100 YEARS OF UPROOTING has been common to many Armenian families, including generations of mine. I’ve wandered across the borders of my American life wearing the skill of adaptation and assimilation as a badge of honor, having adopted my father’s multiculaturalism and polyglotism at an early age — but the reality is, uprooting cuts deeply every time.
Today these cuts are open, in the face of a state that has never accepted responsibility or seen consequence for committing genocide — a campaign that’s been metastasizing amidst the fog and chaos of 2020. The immediate needs of a new wave of Armenian refugees are a clear and present re-living of horror, a realization of how deeply our shared generational trauma connects Armenians of every ‘tsi.’
1,000+ years of Armenian art and culture have revered and assigned rich symbology to the pomegranate, from 7th century manuscripts to Parajanov’s films. This is a familiar cultural reverence among Armenia’s neighbors in The Caucasus, Middle East and Europe. NOUR follows this tradition, focusing on the pomegranate trees my parents planted at my family home when I was a young child, in the practice of the trees their parents planted before them, and their parents before them -- each consecutively nurtured, and forced to leave behind.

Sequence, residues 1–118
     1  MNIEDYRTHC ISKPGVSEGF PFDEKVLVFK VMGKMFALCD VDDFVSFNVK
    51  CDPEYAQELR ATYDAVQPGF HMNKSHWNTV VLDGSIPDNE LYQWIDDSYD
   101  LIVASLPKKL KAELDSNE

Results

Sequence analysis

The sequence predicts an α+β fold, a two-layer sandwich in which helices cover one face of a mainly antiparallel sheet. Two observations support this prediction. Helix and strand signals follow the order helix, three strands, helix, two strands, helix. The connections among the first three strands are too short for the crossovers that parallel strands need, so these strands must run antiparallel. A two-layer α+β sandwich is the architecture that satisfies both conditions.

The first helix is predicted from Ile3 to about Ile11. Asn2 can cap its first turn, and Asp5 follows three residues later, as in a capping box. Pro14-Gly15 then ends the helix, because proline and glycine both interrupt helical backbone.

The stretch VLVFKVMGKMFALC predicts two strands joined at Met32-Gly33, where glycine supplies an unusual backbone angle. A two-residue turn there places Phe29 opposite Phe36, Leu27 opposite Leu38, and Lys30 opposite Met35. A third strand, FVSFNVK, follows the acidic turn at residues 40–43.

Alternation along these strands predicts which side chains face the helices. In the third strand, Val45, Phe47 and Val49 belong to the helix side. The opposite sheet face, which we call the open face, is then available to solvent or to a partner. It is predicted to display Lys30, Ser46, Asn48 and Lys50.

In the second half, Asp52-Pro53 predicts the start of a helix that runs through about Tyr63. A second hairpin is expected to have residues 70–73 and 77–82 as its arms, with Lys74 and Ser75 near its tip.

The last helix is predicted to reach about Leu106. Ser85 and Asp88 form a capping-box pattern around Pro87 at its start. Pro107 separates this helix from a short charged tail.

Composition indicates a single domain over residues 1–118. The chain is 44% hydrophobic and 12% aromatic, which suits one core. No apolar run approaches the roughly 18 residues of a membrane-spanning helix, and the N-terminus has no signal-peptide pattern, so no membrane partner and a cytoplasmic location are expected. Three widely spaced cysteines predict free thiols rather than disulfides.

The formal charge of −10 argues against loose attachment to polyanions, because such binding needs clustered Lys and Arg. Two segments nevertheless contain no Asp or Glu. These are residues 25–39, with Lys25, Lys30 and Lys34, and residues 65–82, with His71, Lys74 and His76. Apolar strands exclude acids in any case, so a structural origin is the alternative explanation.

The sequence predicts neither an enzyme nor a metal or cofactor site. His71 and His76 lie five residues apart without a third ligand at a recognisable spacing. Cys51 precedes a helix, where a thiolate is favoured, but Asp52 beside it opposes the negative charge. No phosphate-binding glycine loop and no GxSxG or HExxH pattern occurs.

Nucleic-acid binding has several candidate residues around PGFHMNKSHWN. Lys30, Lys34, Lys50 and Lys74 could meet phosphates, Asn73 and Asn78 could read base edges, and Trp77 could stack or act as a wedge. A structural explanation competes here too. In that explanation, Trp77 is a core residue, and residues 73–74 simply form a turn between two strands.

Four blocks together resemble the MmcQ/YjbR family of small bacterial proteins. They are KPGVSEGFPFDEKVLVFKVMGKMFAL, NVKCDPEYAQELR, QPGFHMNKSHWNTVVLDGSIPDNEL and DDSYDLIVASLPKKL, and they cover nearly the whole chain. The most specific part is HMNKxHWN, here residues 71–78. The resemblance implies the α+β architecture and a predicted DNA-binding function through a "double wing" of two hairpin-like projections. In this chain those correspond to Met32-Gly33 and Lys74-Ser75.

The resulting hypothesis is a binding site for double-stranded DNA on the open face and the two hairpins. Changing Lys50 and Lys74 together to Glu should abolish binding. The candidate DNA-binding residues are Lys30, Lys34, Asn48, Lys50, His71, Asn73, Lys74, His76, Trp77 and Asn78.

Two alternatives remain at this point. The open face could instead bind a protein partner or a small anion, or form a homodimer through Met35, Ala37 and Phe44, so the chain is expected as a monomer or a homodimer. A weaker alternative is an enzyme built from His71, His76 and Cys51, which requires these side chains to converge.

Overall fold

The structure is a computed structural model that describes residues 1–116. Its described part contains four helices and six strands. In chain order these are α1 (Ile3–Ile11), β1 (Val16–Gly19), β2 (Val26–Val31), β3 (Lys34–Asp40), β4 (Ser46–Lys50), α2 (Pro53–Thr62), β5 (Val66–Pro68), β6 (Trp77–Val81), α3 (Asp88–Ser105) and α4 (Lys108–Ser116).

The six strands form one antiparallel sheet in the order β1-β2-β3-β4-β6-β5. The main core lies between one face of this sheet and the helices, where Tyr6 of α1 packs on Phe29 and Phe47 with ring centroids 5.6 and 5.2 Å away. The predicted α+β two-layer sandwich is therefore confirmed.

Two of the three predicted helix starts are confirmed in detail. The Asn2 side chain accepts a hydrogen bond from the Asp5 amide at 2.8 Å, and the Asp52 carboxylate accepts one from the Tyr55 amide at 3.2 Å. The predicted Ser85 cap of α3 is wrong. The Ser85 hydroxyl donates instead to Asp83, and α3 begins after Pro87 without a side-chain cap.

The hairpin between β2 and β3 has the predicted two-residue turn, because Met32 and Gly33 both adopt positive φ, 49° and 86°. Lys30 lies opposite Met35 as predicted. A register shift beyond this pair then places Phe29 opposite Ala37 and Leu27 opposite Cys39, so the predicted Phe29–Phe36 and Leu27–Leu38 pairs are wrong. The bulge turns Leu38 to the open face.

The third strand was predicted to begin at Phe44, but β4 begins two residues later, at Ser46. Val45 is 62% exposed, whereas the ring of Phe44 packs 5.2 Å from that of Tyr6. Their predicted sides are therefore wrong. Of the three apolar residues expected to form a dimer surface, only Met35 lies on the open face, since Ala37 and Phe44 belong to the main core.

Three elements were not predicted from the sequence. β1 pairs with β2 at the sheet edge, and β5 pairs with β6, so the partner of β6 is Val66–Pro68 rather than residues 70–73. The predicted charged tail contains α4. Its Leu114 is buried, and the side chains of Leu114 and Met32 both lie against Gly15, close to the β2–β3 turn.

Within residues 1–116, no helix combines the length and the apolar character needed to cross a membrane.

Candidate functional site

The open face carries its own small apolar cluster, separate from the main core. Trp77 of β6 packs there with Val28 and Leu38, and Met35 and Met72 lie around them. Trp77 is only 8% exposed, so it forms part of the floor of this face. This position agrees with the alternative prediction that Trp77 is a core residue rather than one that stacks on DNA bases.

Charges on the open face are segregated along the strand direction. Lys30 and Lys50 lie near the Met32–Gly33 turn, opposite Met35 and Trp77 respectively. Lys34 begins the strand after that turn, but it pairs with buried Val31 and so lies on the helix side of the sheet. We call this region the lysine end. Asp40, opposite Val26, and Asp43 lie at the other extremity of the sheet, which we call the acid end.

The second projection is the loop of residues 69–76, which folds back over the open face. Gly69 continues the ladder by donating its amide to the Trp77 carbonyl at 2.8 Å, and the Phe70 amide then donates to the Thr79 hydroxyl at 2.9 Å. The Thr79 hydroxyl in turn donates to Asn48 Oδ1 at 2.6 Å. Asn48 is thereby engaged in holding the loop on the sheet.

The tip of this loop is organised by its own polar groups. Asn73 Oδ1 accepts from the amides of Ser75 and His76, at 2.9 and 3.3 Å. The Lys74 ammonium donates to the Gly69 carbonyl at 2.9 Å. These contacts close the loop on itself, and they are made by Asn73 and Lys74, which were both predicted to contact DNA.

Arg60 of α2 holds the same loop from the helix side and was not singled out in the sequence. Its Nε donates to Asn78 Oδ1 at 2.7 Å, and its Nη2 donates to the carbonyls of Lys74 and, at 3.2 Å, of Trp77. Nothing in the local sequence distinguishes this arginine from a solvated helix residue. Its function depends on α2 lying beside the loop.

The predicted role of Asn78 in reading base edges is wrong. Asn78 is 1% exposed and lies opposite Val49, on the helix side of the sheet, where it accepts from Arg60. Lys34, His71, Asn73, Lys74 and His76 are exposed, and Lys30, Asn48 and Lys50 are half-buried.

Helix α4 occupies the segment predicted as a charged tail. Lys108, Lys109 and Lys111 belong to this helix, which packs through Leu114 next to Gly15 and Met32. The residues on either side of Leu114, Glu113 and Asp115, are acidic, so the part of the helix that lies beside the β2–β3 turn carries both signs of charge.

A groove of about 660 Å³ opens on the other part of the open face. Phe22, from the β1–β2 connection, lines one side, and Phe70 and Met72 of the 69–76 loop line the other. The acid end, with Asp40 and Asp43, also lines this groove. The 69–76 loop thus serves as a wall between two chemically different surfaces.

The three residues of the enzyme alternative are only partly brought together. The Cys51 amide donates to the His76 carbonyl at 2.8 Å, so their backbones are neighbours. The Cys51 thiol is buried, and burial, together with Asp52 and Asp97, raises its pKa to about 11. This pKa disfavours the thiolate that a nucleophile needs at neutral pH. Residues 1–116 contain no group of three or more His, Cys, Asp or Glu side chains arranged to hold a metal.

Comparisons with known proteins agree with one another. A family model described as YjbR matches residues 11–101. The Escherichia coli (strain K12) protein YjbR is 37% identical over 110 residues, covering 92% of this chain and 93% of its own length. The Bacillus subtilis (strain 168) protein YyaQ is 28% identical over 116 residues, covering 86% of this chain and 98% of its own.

NOUR is a study of roots, a story of generations, a personal reflection on the overwhelming love and life that has crossed oceans, tragedies and centuries to reach me. It is an outstretched hand, reaching for future eras of roots, left to grow, thrive, and share with our family, friends, and hopefully: our neighbors.
I’ve partnered with Tania Sarin Araradian to create this project and contribute proceeds to benefit Artsakh & Armenia via the Armenia Support Fund / The Paros Foundation 501(c)3
On exhibition: 6 photographs, 35mm film negatives
Limited to a run of 8 prints each at 11x14 -- $200
Sold at $1,000 for the complete set of 6 photographs
1 of 3 special edition print 17x22 $500
All are hand-signed and numbered, with certificate of provenance
Fine art giclée print on archival watercolor paper
Available at nournournour.com
Hagop Kalaidjian is a Los Angeles born photographer and filmmaker. His editorial work has been featured in Vogue, Interview Magazine, Vanity Fair IT, Vogue IT, GQ and more